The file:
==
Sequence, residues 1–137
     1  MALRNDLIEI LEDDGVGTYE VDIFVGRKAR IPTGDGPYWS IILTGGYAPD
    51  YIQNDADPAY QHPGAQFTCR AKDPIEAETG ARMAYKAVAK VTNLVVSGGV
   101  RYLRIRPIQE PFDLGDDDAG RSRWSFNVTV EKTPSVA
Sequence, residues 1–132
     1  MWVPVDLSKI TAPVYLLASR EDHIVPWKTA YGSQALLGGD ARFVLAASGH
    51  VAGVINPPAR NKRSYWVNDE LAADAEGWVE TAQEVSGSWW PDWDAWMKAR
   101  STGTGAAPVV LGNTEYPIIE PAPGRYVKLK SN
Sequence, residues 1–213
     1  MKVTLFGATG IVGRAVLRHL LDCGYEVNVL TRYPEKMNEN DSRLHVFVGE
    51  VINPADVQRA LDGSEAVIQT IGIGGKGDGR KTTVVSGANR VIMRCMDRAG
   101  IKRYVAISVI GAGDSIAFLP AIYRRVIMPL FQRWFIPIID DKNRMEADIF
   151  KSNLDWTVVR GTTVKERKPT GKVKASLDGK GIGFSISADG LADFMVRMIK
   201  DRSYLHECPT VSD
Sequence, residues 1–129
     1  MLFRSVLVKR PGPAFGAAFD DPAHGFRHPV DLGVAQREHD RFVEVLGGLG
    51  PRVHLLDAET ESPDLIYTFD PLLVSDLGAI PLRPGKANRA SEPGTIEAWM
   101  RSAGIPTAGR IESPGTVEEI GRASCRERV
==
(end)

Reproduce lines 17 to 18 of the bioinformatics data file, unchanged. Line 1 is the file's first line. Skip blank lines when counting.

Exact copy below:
    51  PRVHLLDAET ESPDLIYTFD PLLVSDLGAI PLRPGKANRA SEPGTIEAWM
   101  RSAGIPTAGR IESPGTVEEI GRASCRERV